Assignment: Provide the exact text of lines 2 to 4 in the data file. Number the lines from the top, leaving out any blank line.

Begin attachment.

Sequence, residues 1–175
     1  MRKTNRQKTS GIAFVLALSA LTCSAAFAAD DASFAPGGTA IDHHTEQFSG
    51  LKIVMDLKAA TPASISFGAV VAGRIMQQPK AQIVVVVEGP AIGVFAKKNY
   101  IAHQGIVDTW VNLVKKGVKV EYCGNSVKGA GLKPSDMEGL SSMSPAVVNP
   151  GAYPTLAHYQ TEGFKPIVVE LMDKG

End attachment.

     1  MRKTNRQKTS GIAFVLALSA LTCSAAFAAD DASFAPGGTA IDHHTEQFSG
    51  LKIVMDLKAA TPASISFGAV VAGRIMQQPK AQIVVVVEGP AIGVFAKKNY
   101  IAHQGIVDTW VNLVKKGVKV EYCGNSVKGA GLKPSDMEGL SSMSPAVVNP